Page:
Wealth Creation as Integrated with Faith: A Protestant Reflection

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Muslim, Christian, and Jewish Views on the Creation of Wealth
April 23-24, 2007 - Hesburgh Center Auditorium
Wealth Creation as Integrated with Faith: A Protestant Reflection
By
David W. Miller, Ph.D.
I. Opening
There is a certain sense of discomfort in the Protestant Christian community when it
comes to wealth. Perhaps that is because wealth is a bit like sex. Sex can be a beautiful
thing, blessed, created, and ordained by God for purposes of procreation and mutual
human pleasure. Or sex can be objectified, perverted, and painful. Sex, rightly
understood, has both a functional purpose to continue humanity, as well as an aesthetic
purpose to bring joy and pleasure to humanity. In like fashion, wealth also has a
functional purpose. Wealth, in its material sense, provides the resources to enable people,
families, organizations, societies, and nations to have the basic material necessities of
life. Yet wealth, like sex, can also offer humanity more than functional value. Wealth,
rightly conceived and understood, can improve the human condition and even bring joy,
beauty, and leisure to life through new medicines, technologies, discoveries, and
aesthetics. On the other hand, if wealth becomes an idolatrous obsession placed above
our duties to God and society, it becomes distorted and robbed of its power for the good.
In light of the many other marvelous papers being given at this conference on wealth
creation, I am relieved of the challenge of providing a full social, economic, or
philosophical history of money and wealth. Nor will I trace the similarities and
differences within the Abrahamic faiths; thankfully, my colleagues here will do that.
Others here have also relieved me of the responsibility of defining what we mean by
“wealth creation.” Rather, my task is to address the concepts, motivations, and
challenges of wealth creation from the Protestant tradition. And within that context,
you’ll hear my own theological leanings that come out of Reformed Protestantism.
So, back to sex. Just kidding. Let’s turn now to a Protestant Christian understanding of
wealth creation.1 For me as a Protestant theologian and ethicist to answer the question of
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We could turn to the moral philosopher, Adam Smith, and start with an unpacking of his Wealth of
Nations. Or we could turn to the social sciences as a starting point, drawing on Max Weber’s The
Protestant Ethic and the Spirit of Capitalism (and the vast body of critical literature that has followed in its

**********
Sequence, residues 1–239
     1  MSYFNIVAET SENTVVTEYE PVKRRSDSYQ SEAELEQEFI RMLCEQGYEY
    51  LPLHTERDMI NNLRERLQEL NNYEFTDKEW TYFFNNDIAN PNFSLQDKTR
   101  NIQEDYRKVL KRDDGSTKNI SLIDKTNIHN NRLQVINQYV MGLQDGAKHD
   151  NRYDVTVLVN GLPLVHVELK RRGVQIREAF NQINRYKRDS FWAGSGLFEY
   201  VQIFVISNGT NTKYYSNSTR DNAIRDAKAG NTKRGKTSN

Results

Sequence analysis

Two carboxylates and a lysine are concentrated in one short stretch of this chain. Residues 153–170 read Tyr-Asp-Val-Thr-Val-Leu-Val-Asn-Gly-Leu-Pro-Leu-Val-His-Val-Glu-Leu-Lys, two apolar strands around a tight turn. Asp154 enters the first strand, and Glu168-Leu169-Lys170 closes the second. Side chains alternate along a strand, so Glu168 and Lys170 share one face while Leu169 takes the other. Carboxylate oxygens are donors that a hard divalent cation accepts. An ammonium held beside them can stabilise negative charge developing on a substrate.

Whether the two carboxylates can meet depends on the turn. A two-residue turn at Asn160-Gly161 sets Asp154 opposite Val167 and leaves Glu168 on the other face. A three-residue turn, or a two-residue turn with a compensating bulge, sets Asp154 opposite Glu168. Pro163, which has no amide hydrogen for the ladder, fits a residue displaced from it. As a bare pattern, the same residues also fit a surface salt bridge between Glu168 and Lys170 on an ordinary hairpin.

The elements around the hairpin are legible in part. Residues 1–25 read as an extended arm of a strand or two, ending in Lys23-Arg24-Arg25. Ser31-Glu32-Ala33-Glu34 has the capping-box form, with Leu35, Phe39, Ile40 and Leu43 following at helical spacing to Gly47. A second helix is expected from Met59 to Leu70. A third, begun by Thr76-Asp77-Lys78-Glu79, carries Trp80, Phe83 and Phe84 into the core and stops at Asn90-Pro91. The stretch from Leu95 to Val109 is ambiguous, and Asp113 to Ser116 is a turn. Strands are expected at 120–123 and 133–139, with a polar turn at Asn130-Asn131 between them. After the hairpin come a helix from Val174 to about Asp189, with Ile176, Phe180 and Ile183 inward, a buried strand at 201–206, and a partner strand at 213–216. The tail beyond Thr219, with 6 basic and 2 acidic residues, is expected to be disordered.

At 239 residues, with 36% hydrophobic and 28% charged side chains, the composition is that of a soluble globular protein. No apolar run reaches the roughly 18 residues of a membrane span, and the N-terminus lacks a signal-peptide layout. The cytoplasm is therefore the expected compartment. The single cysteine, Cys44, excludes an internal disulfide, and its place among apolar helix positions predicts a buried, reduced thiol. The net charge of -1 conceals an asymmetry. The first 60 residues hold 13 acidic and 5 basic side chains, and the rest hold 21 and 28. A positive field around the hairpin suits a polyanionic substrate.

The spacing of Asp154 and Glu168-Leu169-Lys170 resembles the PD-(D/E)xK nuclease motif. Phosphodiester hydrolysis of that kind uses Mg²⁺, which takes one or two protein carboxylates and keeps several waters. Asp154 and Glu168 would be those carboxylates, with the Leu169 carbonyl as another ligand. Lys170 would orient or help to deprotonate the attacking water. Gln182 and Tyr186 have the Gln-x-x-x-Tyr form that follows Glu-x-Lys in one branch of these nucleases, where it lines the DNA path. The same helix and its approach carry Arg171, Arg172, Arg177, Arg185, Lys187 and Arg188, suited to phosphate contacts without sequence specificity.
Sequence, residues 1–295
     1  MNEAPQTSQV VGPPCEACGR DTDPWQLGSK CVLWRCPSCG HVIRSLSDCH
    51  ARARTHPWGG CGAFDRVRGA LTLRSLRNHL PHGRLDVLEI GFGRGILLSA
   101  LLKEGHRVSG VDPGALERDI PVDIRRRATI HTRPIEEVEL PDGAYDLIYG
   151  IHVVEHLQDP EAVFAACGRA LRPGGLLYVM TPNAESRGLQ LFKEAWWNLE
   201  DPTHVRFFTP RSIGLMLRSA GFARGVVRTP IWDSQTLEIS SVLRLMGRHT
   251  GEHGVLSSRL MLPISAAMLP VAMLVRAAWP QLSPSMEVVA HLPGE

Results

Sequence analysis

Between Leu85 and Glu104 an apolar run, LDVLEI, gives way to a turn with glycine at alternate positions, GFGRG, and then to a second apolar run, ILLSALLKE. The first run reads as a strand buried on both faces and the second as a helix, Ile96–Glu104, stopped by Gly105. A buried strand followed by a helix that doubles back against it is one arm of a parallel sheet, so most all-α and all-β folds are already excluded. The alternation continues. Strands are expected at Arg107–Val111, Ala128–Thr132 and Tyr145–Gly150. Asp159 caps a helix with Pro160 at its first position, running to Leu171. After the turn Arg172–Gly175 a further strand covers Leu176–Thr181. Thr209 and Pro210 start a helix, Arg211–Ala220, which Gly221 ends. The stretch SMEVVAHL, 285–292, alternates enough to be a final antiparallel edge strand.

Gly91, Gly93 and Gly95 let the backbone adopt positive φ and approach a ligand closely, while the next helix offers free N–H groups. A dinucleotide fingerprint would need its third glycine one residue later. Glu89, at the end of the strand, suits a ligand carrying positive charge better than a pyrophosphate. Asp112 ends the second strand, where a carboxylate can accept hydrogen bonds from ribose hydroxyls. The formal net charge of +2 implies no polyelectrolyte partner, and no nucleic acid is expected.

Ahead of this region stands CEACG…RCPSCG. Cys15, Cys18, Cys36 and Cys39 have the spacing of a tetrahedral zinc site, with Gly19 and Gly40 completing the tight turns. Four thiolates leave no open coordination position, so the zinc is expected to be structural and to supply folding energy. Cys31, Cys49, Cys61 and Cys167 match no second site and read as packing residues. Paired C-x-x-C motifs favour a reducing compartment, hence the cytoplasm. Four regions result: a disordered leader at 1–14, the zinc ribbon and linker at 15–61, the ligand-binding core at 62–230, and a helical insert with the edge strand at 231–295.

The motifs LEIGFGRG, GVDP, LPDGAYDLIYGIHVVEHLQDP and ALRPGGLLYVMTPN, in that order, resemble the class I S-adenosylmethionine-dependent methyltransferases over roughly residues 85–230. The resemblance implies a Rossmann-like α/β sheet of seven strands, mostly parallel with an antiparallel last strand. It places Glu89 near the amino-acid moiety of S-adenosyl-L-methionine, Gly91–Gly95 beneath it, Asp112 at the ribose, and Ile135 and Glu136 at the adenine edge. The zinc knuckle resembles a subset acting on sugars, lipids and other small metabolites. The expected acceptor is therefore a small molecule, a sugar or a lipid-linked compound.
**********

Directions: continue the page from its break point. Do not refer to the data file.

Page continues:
wake). Or we might draw on the research of British sociologist David Martin and his Tongues of Fire: The
Explosion of Protestantism in Latin America (2003), an analysis that suggests the so-called Protestant work
ethic is alive and well in Latin America, creating the conditions for wealth and capital to be generated. Or
we might turn toward the more recent and not uncontroversial work by sociologist Rodney Stark, Victory of
Reason: How Christianity Led to Freedom, Capitalism, and Western Success (2006) to explore conceptions
of wealth creation and the role Christian ideas have played in it. Or we might look at David Landes’
Wealth and Poverty of Nations: Why Some Are So Rich And Some Are So Poor (1999) to see a historian’s
perspective on the conditions that help create wealth. In like fashion, we could draw on Peruvian economist
Hernando De Soto’s The Mystery of Capital (2001), or Indian social theorist Dinesh D’Souza’s The Virtue
of Prosperity (2001) to provide some insights. Or for a historical theological perspective, we might draw
on Justo Gonzalez’ Faith and Wealth: A History of Early Christian Ideas on the Origin, Significance, and
Use of Money (2002). Or finally, we might go to theologian John Schneider’s The Good of Affluence:
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wealth creation I must first turn to scripture. Protestants place hermeneutical primacy on
sola scriptura. We undertake the hermeneutical task as individuals and in community.
We are part of a theological and ecclesiastical history that honors creeds and confessions
but also draws on reason and experience. And we rely on illumination from the Holy
Spirit to interpret scripture for our time and place.
As a Protestant theologian and ethicist, I observe certain tensions within my own tradition
about wealth creation. These tensions and mixed voices have their roots in both